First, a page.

This week is the thirtieth anniversary of the launch of the Sinclair C5 electric vehicle. As some may know, I had a very minor part in the history of the C5, as I used to know Adam Harper, Belvedere based inventor, engineer and businessman - the photo above (click for a larger view) shows him with his record breaking customised C5 at Silverstone race circuit in the summer of 1995, where he was able to open it up on the main circuit as part of a series of public demonstrations of the Guinness world record breaking machine. You can read more about Adam Harper in an interview here. More on him later. Sir Clive Sinclair dominated the home computer market in the UK and much of Europe in the early 1980’s. His ZX80 and subsequent ZX 81 barebones computers introduced many people into the world of computer programming, and the subsequent colour Sinclair ZX Spectrum became the computer of choice for untold millions of people – it was a simple computer with adequate, if not particularly outstanding specifications for the time. It was easy to program, and had very bright, colourful graphics. This, along with the relatively cheap retail price meant it was extremely popular, and there was a huge amount of software available for the ZX Spectrum, including thousands of games. Many of today’s programmers learned their first code on a ZX Spectrum. Emboldened by huge commercial success, Sir Clive Sinclair turned his attention to another of his areas of interest, personal transportation. In a project that illustrates how wild success in one realm can build over-confidence that leads to utter failure in another, the Sinclair C5 was to forever tarnish the Sinclair name. The C5 was a battery-assisted tricycle (not an electric car, as elements of the press kept saying) that was intended to revolutionise personal transportation. On paper it was able to drive up to twenty miles on a single battery charge for just a few pence,  the C5 was supposed to be the solution to urban congestion and the high cost of owning a car. Unfortunately the design fell short of the market requirements and the machine was savaged by the press following its launch. Among the issues:- The open concept and exposed driver position meant the C5 was only really practical in dry weather, although a wet weather kit including a fitted poncho for the driver was soon available. It had no reverse gear and was difficult to turn around in confined spaces. Even modest hills were too much for the C5’s battery to handle and the design meant that using the pedals to assist was hard to do effectively. There were quality control problems at the factory, and early reports of components failing further dented the machine’s reputation. Perhaps most importantly, the public did not feel safe driving such a small and open vehicle in real traffic. In the end 17,000 were sold, but this was far short of projections. To many, the C5 was seen as a novelty item rather than a serious mode of transportation and just eleven months after the failed launch, Sinclair Vehicles went bankrupt. As long term readers of the Maggot Sandwich will be aware, I had some involvement with the story of the C5; when Sinclair Vehicles went bust, the entire remaining stock of unsold C5’s, along with component parts and tooling was bought by a company based in Upper Belvedere called Harper Cycles, which was run by Adam Harper. He correctly realised that the C5 had been given a mauling by the press, which had effectively ended its chances of success, but nevertheless seventeen thousand of the vehicles had been sold. The owners would require spares, servicing and repairs. Harper also correctly surmised that the C5 would become a cult vehicle, and mint, unused vehicles would appreciate considerably in price. Adam Harper made a steady income supporting C5’s for many years, and supplied new vehicles to Princes William and Harry at Kensington Palace, and created a one – off solar powered model for science fiction writer Sir Arthur C. Clarke for use on his estate in Colombo, Sri Lanka. Many of the press “facts” about the Sinclair C5 were made up, and in many cases just plain wrong. It became an urban myth that the C5 used a washing machine motor – in reality the motor was built in a Hotpoint factory, but it was a specially designed, high efficiency unit that was even studied by NASA as it had such an impressive power to weight ratio. It was also said that the rider sat too low to the ground, making the machine dangerous – in fact one sat at the same height as if you were sitting in a Ford Capri MK III. The separate aluminium alloy chassis the C5 used was designed and built by Lotus Cars at their Hethel factory, and was capable of far more performance than the C5 had. The poor road speed of the C5 was not down to any technical limitation – it was restricted to fifteen miles an hour in order to comply with UK traffic law – any powered vehicle capable of more than this speed required a licence to use, which would have essentially killed the project before birth. This is not to say the C5 did not have problems – the short battery life being one of the biggest challenges – a rider would not get anything like the claimed twenty mile range, even when pedaling to assist the electric motor. Adam Harper invented an improved battery and power management system which cured this weakness, which was available as a retrofit to existing machines. Adam also sold considerable numbers of the powerful and efficient C5 motor to competitors in BBC 2’s series “Robot Wars”, and many of the winning robots were powered by his products. Because of this connection, Adam Harper ended up as one of the “Robot Wars” competition judges; I used to regularly accompany him to filming, which took place in an old warehouse next door to the Excel Centre in East London. As I have previously written in some detail, Adam Harper also set a Guinness World Record for the fastest electric three wheeled vehicle in a hugely modified Sinclair C5 that could hit 0-60 in under four seconds, and exceed 150 mph. The main reason for the creation of the C5 racing machine was to scotch the incorrect stories about the normal C5 and give the much maligned machine a bit of a publicity boost, though nowadays the C5 has a reputation as a gigantic white elephant. It was certainly not perfect, but it was  way ahead of its time, and nowhere near as bad as the press would have you believe.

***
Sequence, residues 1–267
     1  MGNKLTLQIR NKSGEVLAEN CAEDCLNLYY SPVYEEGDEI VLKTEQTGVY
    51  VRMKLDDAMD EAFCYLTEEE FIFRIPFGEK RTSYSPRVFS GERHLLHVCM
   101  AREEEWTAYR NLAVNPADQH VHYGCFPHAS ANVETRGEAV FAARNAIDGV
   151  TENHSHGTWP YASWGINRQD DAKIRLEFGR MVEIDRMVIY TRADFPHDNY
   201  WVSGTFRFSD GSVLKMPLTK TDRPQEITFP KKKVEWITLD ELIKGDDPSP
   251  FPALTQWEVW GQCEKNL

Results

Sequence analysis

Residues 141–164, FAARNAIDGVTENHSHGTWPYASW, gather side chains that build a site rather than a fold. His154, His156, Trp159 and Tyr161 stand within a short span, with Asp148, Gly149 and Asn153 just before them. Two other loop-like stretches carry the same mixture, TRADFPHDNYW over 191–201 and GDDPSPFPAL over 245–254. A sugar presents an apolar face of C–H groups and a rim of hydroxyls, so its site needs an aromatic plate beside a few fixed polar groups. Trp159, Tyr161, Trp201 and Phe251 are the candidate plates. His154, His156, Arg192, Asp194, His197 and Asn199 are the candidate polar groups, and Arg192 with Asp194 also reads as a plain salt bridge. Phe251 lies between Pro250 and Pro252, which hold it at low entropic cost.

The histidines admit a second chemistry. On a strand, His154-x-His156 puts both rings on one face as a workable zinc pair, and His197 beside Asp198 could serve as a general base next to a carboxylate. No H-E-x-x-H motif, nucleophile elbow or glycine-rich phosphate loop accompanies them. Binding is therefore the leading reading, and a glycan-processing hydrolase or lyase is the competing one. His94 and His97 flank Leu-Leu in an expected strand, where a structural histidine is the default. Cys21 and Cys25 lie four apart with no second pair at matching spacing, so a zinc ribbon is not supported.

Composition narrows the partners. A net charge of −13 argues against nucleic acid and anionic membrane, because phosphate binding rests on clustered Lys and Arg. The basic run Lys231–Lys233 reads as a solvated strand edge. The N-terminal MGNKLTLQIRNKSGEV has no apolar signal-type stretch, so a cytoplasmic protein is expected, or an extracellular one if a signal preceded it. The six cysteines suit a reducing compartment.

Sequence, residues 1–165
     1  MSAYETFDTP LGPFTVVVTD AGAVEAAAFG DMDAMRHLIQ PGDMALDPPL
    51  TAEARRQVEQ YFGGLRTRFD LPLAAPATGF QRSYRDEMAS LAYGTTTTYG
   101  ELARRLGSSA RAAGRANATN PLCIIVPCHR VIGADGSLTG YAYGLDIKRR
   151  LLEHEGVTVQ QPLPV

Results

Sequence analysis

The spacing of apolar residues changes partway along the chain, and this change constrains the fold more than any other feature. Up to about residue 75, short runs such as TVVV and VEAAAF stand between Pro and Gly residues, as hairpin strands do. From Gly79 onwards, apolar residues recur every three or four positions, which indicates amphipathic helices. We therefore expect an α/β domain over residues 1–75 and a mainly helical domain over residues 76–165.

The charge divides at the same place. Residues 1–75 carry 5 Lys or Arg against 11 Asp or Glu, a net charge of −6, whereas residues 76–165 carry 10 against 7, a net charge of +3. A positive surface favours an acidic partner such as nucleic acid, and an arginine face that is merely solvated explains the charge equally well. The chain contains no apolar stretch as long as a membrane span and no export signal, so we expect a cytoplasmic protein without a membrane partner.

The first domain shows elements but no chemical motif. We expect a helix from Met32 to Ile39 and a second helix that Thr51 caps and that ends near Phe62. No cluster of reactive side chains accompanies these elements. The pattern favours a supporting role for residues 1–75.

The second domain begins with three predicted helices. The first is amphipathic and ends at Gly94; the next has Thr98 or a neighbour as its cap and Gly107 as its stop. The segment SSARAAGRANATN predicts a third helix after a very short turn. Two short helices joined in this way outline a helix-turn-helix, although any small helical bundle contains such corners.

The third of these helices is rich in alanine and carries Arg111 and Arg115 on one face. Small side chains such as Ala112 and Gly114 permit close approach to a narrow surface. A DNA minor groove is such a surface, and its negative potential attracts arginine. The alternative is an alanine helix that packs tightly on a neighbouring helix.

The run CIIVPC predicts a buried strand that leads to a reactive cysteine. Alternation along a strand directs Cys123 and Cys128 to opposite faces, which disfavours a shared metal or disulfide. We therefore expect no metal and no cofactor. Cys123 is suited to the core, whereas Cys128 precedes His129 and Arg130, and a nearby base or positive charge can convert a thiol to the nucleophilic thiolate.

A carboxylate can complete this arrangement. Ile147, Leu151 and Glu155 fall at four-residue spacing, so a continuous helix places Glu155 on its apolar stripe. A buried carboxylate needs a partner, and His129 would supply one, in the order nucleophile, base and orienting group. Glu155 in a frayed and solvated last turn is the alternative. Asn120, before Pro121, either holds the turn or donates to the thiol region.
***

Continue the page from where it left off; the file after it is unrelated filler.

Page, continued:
Not too long before Christmas I was walking through Soho on my way to a meeting at an office just off Berwick Street. It had been some time since I had passed that way, and I was pleasantly surprised at how the area has been cleaned up and made a lot more visitor friendly. I had cut through St. Anne’s Court – once a very seedy and run down area, but now a pleasant and very up market office and residential location I really did not need to walk the route that I did, but there were personal reasons, as the area holds some memories for me. Back in the mid 1980’s St. Anne’s Court was the home to Shades Record Shop. This was a basement shop over which was built a structure that somewhat resembled a large garden shed that was plastered in posters advertising bands and films. Alice’s Restaurant was a pirate radio station operating out of East London, which played an esoteric mix of mainly rock based music – the record shop was allegedly nothing to do with the radio station, but pretty much everyone knew the opposite. To enter the shop you had to go through a slightly forbidding (at least to a thirteen year old) doorway and down a flight of stairs to the shop itself. The first thing one noticed about the shop was the huge number of rock and heavy metal albums the place contained – albums from bands I had never heard of, and exotic imports from Japan and elsewhere; the second thing was the fact the ceiling of the shop was covered in black bin liners held in place with drawing pins. Initially I thought this was some kind of post punk arty design, but I soon found out that they were there for a far more prosaic reason; they stopped the rain from leaking through from the upstairs. It was that kind of place – initially it appeared quite intimidating, but the staff were knowledgeable and friendly, and every so often a rock star would pay a visit – Lemmy from Motorhead was a regular, and many rock and heavy metal bands would hold album signings in the shop. When I was working for Radio Caroline I did not have time to visit, and by the time I turned up in St. Anne's Court a couple of years later, I was only to find it boarded up and empty. Their lease had run out and the landlord had decided to sell the site to a property developer; shortly thereafter the shed was demolished and a new office building constructed on the site.  To be honest the area needed improvement, but nevertheless it was a shame to see the shop  disappear. Not long afterwards the radio station closed down, with some of the staff going on to form the excellent and ground breaking RFM Rock Radio, a station that nearly got a commercial licence, but ended up losing out to KISS FM. Shades record shop was a one - off place. You can read more about it here.